At this point in the sabermetric revolution, even the most old-school baseball puritans will likely admit that there are a number of factors outside of a pitcher's control. Over the course of a 162-game season -- or, more likely, two or three seasons -- those luck factors should even out. In a small sample like, say, two months, luck will have a major influence over a pitcher's numbers.
There are a number of stats to quantify good luck and bad luck. Fielding independent pitching, or FIP, is a number used here often that strives to measure the outcomes over which a pitcher has total control. Take BABIP and factor in a pitcher's batted-ball rates, and you can get a sense over how fortunate or unfortunate a pitcher has been. None of these measures is perfect, but they all contribute positively and help us isolate pure pitcher performance.
Boiled down to its most basic elements, pitching is about avoiding hard contact. Neither the pitcher nor hitter has a great deal of control over what happens once the ball is put in play, but, at the risk of being obvious, the weaker a ball is hit, the better a chance the defense has to turn that into an out. Pitchers want to make hitters swing and miss, or hit the ball weakly. Hitters are trying to square the ball on the barrel and drive it with authority.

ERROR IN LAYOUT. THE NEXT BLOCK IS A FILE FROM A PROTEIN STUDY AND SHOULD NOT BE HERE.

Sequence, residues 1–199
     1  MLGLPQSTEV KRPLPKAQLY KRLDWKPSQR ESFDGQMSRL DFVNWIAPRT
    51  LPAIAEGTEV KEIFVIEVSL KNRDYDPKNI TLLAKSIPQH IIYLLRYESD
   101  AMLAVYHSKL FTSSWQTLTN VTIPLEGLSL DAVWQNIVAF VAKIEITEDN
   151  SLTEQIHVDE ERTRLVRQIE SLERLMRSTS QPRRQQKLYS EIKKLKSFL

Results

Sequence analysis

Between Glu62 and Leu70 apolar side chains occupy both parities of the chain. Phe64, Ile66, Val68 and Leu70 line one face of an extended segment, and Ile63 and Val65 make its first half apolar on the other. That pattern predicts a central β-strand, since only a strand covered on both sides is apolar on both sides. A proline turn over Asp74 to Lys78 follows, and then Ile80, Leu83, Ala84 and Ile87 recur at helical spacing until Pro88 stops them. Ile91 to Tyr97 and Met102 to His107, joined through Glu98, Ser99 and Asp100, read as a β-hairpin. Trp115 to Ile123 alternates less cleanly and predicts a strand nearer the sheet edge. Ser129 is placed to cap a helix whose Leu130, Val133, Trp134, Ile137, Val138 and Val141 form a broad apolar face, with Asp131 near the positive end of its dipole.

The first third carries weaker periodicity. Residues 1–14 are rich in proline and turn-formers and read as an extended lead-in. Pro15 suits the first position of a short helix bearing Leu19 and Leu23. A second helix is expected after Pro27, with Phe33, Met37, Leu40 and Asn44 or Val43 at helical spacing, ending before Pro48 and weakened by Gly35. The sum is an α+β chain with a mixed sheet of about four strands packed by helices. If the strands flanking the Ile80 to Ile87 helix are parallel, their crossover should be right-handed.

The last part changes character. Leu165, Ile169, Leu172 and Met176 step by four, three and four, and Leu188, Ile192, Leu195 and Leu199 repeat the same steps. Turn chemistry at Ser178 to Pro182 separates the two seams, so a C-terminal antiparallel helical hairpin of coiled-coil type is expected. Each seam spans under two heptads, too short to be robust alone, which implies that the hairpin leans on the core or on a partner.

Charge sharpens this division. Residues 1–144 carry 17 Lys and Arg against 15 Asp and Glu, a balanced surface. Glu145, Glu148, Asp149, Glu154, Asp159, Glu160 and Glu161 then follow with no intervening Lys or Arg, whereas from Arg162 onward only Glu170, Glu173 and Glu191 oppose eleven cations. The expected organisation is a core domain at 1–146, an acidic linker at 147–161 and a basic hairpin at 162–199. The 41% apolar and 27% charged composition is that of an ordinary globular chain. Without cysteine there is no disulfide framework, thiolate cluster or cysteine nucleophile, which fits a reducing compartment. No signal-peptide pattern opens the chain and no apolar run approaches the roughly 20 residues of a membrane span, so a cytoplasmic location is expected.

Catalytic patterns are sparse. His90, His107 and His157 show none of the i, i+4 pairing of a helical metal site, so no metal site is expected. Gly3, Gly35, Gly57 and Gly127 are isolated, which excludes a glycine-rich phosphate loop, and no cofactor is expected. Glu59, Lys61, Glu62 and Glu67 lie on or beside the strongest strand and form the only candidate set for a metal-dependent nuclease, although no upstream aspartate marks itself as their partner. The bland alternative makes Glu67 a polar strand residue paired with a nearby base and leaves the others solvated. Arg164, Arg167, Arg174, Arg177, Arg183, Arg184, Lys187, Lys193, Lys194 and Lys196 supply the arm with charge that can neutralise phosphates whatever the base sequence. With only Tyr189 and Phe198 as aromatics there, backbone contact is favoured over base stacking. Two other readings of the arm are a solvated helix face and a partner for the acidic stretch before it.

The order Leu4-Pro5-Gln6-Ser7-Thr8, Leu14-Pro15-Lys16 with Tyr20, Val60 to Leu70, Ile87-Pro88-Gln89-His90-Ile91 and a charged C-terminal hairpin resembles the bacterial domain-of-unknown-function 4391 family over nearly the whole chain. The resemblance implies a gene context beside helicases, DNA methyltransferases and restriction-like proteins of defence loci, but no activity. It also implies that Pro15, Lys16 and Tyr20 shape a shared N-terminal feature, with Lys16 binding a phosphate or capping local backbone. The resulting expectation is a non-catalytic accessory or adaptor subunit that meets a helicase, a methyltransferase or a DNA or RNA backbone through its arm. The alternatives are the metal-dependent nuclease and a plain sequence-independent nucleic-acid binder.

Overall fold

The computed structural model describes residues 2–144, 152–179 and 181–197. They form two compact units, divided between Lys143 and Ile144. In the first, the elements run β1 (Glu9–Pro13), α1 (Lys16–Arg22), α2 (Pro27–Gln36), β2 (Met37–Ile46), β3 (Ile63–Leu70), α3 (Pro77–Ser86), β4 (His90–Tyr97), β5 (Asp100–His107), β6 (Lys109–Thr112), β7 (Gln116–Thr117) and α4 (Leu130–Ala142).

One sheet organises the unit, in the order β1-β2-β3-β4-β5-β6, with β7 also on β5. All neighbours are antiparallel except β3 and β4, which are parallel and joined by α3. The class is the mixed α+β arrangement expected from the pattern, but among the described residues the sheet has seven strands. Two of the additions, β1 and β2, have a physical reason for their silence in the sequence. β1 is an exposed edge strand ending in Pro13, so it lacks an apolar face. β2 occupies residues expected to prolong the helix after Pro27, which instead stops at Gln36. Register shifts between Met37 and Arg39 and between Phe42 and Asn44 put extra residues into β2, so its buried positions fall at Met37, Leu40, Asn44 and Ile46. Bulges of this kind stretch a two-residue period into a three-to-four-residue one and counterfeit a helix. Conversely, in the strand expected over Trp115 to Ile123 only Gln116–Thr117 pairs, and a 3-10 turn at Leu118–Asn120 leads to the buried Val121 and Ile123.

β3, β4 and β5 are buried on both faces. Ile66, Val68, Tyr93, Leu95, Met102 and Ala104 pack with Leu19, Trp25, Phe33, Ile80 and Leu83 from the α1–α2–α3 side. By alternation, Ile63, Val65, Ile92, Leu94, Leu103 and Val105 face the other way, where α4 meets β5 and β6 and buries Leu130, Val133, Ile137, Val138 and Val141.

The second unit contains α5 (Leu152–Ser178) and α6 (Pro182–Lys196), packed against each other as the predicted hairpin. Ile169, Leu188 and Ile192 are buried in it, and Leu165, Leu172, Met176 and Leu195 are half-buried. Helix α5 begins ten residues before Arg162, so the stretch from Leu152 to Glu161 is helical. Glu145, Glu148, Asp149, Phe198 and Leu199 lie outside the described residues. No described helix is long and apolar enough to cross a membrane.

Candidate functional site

Given the fundamental goal of the pitcher and the hitter, it stands to reason that a pitcher who allows a relatively low rate of hard-hit balls will be among the league's ERA and WHIP leaders. As we know, however, the vagaries of baseball frequently prevent that from being the case in the short term. And that brings us to Stephen Strasburg's thus-far under-appreciated 2014 season.
By many metrics, Strasburg is having a fine season. He has a 3.15 ERA, which would be the second best of his career during a season in which he qualified for the ERA title. He has a 28.5-percent strikeout rate, and has fanned 90 batters in 74 1/3 innings. He has also cut his walk rate to a would-be career low of 6 percent. On the flip side, he has a 1.28 WHIP and has surrendered 76 hits, which is the ninth most among pitchers with at least 70 innings pitched this season, and more in a similar number of innings than Jason Vargas, Lance Lynn and R.A. Dickey. Unsurprisingly, there are two very strong pieces of evidence that Strasburg has been quite unlucky this year.
The first is obvious, and it's his .359 BABIP. That's the second-highest BABIP in the league, trailing only teammate Jordan Zimmermann. Now it's certainly possible for a pitcher to post a BABIP far higher than league average if he's giving up a lot of hard-hit balls, but that is not the case with Strasburg.
Also, as Mark Simon of the wonderful ESPN Stats and Info department noted on Twitter, Strasburg has allowed hard-hit balls in just 11.9 percent of balls in play this year, the 14th-best rate in the league. There's simply no way for hitters to have a .359 BABIP against a pitcher allowing that sort of hard-hit rate unless that pitcher is wildly unlucky.